A senior Scottish Government minister will set out plans to change fire safety regulations on Wednesday as the deadline looms.
Housing Secretary Shona Robison will update MSPs on new laws requiring all households in Scotland to have interlinked fire alarms from February 1.
However, there has been no official suggestion the government plans to pull back from the scheme, which was already delayed by a year due to the pandemic.
The statement follows calls from Scottish Labour demanding the SNP address concerns around the legislation which comes into force in less than two weeks.
These include a lack of public awareness, concerns over affordability and even shortages of the necessary equipment.
Read this thread to learn more ⬇️ pic.twitter.com/pEn1Hl6cjI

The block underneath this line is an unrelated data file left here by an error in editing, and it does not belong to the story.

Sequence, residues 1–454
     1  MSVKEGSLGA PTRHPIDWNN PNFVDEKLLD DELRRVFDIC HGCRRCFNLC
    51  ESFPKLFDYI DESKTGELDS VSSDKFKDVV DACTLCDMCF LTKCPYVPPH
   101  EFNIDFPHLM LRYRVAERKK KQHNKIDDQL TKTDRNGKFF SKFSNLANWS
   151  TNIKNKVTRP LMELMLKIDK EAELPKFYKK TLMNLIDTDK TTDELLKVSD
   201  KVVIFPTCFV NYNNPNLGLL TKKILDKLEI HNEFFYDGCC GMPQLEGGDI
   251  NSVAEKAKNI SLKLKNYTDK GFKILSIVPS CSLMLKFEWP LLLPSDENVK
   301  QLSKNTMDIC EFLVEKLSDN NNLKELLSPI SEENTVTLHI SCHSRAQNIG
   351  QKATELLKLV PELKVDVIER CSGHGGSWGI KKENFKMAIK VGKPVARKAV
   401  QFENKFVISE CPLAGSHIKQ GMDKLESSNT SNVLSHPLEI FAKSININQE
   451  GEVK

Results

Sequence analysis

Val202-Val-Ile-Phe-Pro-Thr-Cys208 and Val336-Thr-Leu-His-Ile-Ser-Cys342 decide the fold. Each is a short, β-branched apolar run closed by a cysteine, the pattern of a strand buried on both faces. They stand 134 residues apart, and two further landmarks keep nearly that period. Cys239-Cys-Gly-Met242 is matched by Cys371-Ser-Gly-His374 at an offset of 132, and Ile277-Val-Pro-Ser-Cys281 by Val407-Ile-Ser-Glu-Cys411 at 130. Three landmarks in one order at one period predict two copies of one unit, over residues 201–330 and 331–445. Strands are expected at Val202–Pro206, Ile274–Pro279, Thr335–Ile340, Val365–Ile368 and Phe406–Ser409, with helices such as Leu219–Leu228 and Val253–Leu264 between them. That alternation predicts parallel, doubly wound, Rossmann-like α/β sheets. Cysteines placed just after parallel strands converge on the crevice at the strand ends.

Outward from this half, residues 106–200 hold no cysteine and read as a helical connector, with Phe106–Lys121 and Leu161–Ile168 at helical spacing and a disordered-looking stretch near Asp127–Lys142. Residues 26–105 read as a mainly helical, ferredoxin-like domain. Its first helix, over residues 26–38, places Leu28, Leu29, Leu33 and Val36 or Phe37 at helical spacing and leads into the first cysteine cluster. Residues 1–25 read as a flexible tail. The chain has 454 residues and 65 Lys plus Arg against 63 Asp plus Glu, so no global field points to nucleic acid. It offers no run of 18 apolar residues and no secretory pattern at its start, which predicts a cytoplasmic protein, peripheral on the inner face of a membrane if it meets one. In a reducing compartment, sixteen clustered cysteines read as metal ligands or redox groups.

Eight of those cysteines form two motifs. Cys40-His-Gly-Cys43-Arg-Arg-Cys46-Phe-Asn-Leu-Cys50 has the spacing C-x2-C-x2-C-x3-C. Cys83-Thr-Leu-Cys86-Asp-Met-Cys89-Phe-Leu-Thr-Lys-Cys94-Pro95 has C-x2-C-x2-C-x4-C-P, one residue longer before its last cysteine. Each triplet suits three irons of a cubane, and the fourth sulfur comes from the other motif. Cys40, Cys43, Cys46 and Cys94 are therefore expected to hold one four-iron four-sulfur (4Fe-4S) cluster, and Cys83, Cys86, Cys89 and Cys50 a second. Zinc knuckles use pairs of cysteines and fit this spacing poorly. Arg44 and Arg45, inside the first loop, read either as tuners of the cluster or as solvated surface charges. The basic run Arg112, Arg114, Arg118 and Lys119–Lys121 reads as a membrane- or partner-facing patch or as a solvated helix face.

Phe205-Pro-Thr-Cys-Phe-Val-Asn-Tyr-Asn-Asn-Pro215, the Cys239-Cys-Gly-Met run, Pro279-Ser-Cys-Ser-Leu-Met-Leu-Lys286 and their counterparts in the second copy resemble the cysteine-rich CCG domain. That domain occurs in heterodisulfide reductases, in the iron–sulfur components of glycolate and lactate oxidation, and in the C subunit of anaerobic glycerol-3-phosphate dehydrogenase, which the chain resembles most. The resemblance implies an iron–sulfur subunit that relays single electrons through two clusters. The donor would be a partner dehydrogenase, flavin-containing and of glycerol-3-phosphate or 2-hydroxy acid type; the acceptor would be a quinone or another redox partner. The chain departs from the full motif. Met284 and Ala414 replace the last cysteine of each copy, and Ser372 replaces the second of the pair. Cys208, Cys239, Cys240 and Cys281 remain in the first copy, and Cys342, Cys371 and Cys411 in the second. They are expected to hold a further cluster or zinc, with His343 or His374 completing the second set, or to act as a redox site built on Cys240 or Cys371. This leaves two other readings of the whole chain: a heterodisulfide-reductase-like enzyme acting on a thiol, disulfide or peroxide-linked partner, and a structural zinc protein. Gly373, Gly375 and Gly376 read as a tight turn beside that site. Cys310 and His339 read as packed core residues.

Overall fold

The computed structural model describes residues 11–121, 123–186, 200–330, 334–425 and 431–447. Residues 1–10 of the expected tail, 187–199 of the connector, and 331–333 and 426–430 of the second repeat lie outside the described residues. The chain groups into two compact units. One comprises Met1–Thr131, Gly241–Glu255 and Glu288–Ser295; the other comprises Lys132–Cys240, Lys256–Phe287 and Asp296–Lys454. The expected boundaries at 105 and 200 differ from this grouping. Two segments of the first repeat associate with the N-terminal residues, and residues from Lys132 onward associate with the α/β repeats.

— Scot Gov Fairer (@ScotGovFairer) January 18, 2022
Scotland will become the first nation in the UK to have such legislation when it comes into effect next month.
The legislation was introduced in response to the Grenfell Tower tragedy in 2017, which claimed the lives of 72 people.
The alarms will cost homeowners an average of £220, if they are fitted by the homeowner.
But this will be more expensive if a tradesperson is required.
The Scottish Government says the rules “allow flexibility for homeowners unable to install alarms by February 1”.
No one will be criminalised if they need more time to get the alarms fitted.
A spokesman for the government said this week that it has engaged with the Association of British Insurers.
They have indicated that while insurers may ask whether your home has working fire alarms, they are “unlikely to ask whether the alarms meet this new standard”.